This includes boosting the U.S. Department of the Treasury’s CDFI Fund, expanding the State Small Business Credit Initiative, and supporting other federal programs that generate public and private capital to support investments in communities that have been systematically disadvantaged. We also strongly support proposals to strengthen the Community Reinvestment Act (CRA) to incentivize additional private investment, explicitly address racial equity, and to undo recent regulatory changes that have weakened CRA.

To truly “Build Back Better” and get to the roots of the legacy of disinvestment, it is not enough to depend on existing government and market mechanisms to assemble, equitably distribute, and implement the necessary public and private investments. Instead, a Biden-Harris administration needs to disrupt the current systems that have contributed to and maintained this historical neglect.

The nation’s network of CDFIs represents the best potential for driving this larger systems change. I firmly believe that the work we are doing, and will do through the Alliance, will be a catalyst in this effort.

The nation’s network of CDFIs represents the best potential for driving this larger systems change. I firmly believe that the work we are doing, and will do through the Alliance, will be a catalyst in this effort. 

As part of our work, I will also be working with the CEOs of our partner organizations to champion a number of recommendations for how the Biden-Harris agenda can help advance the efforts of CDFIs to invest in America and communities of color. These include:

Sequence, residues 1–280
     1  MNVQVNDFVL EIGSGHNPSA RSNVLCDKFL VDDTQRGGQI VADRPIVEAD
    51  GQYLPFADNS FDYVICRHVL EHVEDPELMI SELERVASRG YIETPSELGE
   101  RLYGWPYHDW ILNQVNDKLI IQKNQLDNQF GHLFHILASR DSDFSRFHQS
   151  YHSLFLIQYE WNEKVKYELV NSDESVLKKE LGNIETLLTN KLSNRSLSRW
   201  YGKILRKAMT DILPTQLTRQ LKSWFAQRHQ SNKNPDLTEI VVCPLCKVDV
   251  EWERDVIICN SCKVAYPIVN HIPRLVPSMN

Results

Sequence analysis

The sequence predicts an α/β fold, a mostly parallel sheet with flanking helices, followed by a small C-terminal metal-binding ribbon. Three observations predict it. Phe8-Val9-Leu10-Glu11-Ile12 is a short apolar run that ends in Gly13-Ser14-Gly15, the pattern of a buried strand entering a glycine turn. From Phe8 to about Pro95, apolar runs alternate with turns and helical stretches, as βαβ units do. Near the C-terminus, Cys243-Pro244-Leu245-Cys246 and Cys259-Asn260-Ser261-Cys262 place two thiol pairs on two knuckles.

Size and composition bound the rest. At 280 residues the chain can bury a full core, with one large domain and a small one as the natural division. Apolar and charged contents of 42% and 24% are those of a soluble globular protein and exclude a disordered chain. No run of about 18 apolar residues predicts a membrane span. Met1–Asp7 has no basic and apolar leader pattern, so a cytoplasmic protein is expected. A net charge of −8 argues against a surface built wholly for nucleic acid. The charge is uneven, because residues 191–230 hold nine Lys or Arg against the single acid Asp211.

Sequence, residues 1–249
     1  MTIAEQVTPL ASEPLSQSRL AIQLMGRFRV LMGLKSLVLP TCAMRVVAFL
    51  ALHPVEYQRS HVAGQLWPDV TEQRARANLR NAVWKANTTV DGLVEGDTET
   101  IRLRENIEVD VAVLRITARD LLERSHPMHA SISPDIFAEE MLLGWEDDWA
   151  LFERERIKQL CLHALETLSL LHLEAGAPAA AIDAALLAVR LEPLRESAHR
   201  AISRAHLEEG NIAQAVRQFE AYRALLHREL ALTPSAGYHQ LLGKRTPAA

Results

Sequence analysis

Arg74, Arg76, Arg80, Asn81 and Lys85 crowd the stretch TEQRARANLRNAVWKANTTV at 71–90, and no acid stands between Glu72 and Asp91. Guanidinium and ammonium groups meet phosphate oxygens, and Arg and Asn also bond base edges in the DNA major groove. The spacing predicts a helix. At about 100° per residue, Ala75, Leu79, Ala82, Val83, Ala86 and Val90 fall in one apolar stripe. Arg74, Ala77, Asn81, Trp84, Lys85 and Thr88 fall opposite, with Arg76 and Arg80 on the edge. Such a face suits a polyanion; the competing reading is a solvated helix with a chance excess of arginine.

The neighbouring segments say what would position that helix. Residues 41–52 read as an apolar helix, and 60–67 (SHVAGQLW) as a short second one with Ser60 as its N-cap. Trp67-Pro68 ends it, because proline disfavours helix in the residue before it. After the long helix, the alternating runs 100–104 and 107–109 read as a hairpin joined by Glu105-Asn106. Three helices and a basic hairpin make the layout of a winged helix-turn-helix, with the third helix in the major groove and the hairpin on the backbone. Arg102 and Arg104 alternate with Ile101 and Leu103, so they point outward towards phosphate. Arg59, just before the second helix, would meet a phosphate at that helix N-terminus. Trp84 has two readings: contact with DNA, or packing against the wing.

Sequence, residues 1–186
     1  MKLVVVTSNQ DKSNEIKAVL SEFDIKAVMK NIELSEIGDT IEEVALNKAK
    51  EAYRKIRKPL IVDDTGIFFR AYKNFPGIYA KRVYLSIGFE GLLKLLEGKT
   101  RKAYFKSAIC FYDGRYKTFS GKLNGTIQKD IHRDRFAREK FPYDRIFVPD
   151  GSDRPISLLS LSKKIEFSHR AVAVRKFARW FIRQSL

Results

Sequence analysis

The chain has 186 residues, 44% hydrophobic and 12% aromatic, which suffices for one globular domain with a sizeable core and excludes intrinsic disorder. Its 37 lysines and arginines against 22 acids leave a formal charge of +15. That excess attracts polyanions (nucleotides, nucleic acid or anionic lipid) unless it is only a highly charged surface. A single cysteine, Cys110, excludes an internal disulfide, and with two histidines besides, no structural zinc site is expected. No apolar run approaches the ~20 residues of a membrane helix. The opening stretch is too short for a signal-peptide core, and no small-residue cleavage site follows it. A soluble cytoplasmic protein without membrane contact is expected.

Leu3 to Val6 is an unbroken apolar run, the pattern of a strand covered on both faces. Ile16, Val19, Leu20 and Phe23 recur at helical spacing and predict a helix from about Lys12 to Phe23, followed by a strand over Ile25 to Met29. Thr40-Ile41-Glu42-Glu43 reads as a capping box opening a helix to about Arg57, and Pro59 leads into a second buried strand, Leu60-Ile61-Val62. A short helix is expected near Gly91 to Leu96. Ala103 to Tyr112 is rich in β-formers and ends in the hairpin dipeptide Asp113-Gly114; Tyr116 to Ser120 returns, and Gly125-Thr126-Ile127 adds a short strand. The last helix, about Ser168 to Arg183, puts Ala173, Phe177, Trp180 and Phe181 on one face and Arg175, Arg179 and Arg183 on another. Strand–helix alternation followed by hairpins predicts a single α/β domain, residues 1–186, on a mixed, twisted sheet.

• Embed the CDFI Fund model across federal agencies
  • Grow the CDFI Fund to $1 billion annually 
  • Provide dedicated sources of capital for CDFIs to support implementation of the Biden-Harris agenda’s major investments in disinvested communities
  • Establish a White House-led interagency working group to further align capital, the role of CDFIs, and other domestic policy initiatives
  • Support new tax incentives to drive private sector investments in CDFIs

I encourage you to reach out if you want to learn more about these advocacy efforts and how you can support them.

The first 100-day plan of any new administration represents more than just what they want to accomplish, but is a symbolic representation of the values our government holds. The fact that racial equity is front and center is critically important. 

While we have stronger advocates in the seats of power, we must not go into this next period thinking the path will be easy. It will be more important than ever to live our values – creative, tenacious, brave, and inclusive – if we are to see progress made toward our mission of breaking down barriers to success.

I close with a powerful message from Amanda Gorman, the United States Poet Laureate who spoke at the inauguration.

So, while once we asked, ‘How can we possibly prevail over catastrophe?’, now we assert: 

How can catastrophe prevail over us? 

We will not march back to what was, but move to what shall be. 

A country that is bruised, but whole. Benevolent, but bold. Fierce and free. 

We will not be turned around, or interrupted by intimidation, because we know our inaction and inertia will be the inheritance of the next generation.

 Our blunders become their burdens. 

But one thing is certain. If we merge mercy with might and might with right, then love becomes our legacy, and change our children’s birthright. 

I see each and every one of us as leaders in this effort. Together, we are poised to accomplish great things in the months and years to come.

Ellis